"Im bout to climb the civic center and do some lines on the roof who's in," one tweet read. Another questioned, “Who stole my crackpipe?”
Ardis argued that these tweets sounded reasonable enough that it sullied his reputation, as people might not be able to tell the account was fake.
"Hurt feelings do not free government from the responsibility of respecting Mr. Daniel's freedom of speech and freedom from being arrested for that speech," ACLU attorney Karen Sheley said in a statement.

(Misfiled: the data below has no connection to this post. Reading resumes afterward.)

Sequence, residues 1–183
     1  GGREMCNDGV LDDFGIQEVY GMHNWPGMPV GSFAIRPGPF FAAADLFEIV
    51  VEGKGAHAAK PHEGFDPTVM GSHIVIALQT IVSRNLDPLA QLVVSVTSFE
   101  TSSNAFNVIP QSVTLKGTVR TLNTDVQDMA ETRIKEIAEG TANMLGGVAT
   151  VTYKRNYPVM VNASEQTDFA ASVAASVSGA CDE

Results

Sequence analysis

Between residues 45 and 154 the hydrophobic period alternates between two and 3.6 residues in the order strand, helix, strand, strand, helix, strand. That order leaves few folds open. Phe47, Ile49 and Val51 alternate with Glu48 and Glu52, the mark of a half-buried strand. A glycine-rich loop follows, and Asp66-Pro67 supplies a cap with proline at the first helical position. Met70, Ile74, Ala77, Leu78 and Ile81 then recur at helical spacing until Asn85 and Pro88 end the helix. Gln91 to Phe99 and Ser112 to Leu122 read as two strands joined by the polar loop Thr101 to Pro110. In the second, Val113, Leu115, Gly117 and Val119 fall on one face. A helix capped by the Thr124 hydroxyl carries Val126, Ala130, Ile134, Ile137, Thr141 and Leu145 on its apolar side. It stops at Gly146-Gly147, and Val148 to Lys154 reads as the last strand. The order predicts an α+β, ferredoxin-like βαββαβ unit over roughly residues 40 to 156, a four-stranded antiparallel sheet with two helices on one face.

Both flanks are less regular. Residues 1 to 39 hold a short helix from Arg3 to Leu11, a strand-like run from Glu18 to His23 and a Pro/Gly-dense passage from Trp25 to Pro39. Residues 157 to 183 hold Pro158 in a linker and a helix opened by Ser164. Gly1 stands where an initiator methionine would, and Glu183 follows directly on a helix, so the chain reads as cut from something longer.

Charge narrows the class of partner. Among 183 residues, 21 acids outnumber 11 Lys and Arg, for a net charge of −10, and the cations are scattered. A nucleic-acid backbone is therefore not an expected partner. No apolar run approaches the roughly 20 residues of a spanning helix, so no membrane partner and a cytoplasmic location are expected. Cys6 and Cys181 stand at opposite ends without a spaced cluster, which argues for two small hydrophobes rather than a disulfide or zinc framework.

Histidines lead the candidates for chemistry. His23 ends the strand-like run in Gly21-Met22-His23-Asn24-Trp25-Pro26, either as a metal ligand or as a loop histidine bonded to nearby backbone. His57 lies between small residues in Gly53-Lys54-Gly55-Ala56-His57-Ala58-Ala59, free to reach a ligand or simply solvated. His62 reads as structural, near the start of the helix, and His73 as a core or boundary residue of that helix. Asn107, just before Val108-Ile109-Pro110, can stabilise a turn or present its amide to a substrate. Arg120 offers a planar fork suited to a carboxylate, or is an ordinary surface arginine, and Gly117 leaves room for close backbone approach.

The settlement also includes the agreement that the town of Peoria will send a directive to the police department reminding them that parody and satire is excluded from criminalization under the impersonation of a public figure law.
"The directive makes it clear that parody should never be the predicate for a criminal investigation and that the action against Mr. Daniel should never be repeated again," Sheley stated.
The agreement with the city will also cover legal fees, bringing the total taxpayer-funded cost of the raid to around $250,000.
During the raid of Daniel’s home last April, four computers, four iPhones, an iPad and two Xboxes were seized as part of the investigation. Daniel was taken into custody and released, and was never charged with a crime.
Despite the big win in court, the Twitter account in question remains suspended.